There is a lot of talk about corruption in state companies. It doesn’t mean though that there is less corruption in private businesses. Owners and CEOs are quite fond of using power and administrative measures to combat it. For instance, when a corruption incident is discovered, it can be investigated by the security department who may also get law enforcement authorities involved. However, at this stage it may be too late to take any anti-corruption measures — the damage is already done.
Identifying cases of corruption in procurement is not that easy ― you can’t bug every employee and follow everyone all the time. But you don’t need to either. Corruption is like gravity ― you can’t see it, but you can feel its effects. So pay attention to the symptoms indicating a high probability of corruption.
Who is in charge of procurement?
The first thing that you should take as a warning is the lack of an independent procurement department that would report directly to CEO or CFO. Alternatively, there is a procurement department but it is in charge of direct material procurement only. In this case requestors (departments ordering goods and services ― marketing, logistics, production, etc.) are budget holders and “buyers” in their category. This is a direct conflict of interests. Nevertheless, it is a very common practice in Russia because a CEO thinks “if I delegate the process of sourcing a supplier to the procurement specialist, it won’t be clear who will be responsible for the end result.” Thus, they themselves place the requestor at risk of being tempted to “take a bite” out of the budget.
If there is a separate procurement office for every department ― IT, production and maintenance ― naturally, it doesn’t eliminate the conflict of interest, but instead it creates the impression of “segregation of duties.” It is no wonder that the most cost intensive procurement categories make top of the list with the highest risk of corruption ― construction, transport, marketing, and IT.
It is another alarm signal for you if the company’s procurement department is ineffective. This is the case when there are no category managers, and procurement specialists perform purely administrative functions and deal with paperwork. Then it is the requestor who determines the procurement “strategy” and the pool of potential suppliers. However, the requestor’s approach to the budget is considerably different from that of the procurement department ― cost savings, transparency and efficiency are not their priorities.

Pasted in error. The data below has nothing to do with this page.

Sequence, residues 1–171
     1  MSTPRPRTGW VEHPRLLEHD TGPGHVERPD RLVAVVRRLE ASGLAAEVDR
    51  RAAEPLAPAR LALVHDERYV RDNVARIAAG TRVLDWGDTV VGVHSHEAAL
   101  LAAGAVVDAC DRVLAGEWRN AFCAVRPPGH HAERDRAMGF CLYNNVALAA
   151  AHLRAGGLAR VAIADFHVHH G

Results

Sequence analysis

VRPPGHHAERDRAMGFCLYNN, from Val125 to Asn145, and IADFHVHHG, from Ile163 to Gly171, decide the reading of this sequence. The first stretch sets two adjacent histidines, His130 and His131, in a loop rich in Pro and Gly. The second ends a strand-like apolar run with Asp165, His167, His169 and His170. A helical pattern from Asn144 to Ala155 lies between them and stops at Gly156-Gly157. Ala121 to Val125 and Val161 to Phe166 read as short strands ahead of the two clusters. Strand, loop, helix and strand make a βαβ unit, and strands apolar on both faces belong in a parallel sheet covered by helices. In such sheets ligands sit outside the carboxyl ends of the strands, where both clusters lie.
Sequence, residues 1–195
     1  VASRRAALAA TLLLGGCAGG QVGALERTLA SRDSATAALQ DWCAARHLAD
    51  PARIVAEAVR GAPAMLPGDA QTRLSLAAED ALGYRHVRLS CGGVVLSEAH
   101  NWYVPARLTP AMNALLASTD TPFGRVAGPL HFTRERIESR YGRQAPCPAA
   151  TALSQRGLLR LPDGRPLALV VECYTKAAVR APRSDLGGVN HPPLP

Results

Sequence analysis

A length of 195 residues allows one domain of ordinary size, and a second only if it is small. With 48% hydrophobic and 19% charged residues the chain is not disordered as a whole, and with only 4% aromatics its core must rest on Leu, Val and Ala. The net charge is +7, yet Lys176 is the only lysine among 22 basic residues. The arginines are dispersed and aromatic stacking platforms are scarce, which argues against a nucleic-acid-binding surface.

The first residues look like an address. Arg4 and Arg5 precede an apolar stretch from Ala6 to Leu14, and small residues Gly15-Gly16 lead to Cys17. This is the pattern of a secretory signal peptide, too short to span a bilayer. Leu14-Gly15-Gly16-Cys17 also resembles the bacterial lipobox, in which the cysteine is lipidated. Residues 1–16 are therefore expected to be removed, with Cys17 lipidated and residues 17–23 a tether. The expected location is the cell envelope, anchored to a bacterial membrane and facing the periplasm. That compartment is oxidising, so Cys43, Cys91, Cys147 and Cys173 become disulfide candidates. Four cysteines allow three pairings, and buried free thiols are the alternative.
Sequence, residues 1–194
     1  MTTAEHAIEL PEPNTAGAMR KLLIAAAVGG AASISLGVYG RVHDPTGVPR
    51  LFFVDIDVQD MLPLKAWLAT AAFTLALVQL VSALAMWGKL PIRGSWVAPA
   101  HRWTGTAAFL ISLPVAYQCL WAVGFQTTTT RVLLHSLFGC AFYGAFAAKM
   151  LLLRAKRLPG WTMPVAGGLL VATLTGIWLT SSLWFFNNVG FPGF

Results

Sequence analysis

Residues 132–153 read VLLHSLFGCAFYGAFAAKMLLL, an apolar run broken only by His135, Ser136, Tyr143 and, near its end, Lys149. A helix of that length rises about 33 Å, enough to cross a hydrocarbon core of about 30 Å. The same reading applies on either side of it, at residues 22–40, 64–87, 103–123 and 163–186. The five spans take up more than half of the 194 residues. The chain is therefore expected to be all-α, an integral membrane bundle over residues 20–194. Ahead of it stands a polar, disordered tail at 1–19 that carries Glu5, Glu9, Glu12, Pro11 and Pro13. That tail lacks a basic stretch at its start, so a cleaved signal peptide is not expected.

You should be concerned if your buyers/requestors are not paid well, their salaries are lower than the market level, but still they don’t complain. For example, there was an experiment conducted in a large company which involved a reduction in salaries of the procurement department by 30 percent, while they hadn’t been high to start with, and none of the staff quitted. Clearly, they did not consider their salaries to be their main income.
Lot segmentation, bureaucracy and fly-by-night companies
The most obvious scenario is when the same suppliers win contracts over and over again. It is difficult for a new supplier to deal with the company as they have to overcome multiple barriers ― going through prequalification and security service checks, reporting tax returns and financial statements, finding and contacting interested persons.
Check if there is a section for suppliers on the company’s website. Does it contain information about current tenders and the process of becoming a supplier? Is there a feedback form and contacts of the procurement department? Is there a way to get in touch with the internal control department to report a violation? Is the sourcing and contracting process conducted as part of the e-sourcing system and accessible for internal control purposes? Is the information available about who submitted a bid and when, and how the supplier was selected? How clear and transparent are the assessment criteria? Do suppliers get comprehensive and timely answers to their questions? If all this is not there, there is a good chance that supplier contracts will be awarded to insiders.
Another factor is bureaucracy. The more paperwork there is in a company, the fewer external suppliers will bid, as they will be put off by too many formal requirements. At the same time, insider suppliers will be already prepared for all of them and willing to spend time on tenders. On top of that, long periods of contract approvals and all kinds of authorization make people try and bypass the procedures. In this case they can’t be controlled and the requestor can take advantage of the situation.
Sometimes requests for proposals (RFP) are so detailed, that it is most likely they have been designed for specific suppliers. They are often written by suppliers themselves. In such RFP’s and technical specs there is no information about the problem that needs to be solved, but a lot of details about the solution. Certainly, it is the supplier able to offer this solution who wins the contract. It can also happen so that there are excessive supplier requirements included in the terms of reference, which limits competition and increases the cost. One of the examples can be describing a specific vendor solution in the RFP for an IT system or equipment.
If urgent unplanned purchases amount to 20 % and more of the total volume, there is a good chance that requestors are trying to trick the management into purchasing from a particular supplier ― “right away, otherwise the production will halt.” And the management falls for it. Random checks of tender results show that the winning bid is generally 20-30 % higher than the market average. And the buyer/requestor generally can’t give any reasonable explanation to that.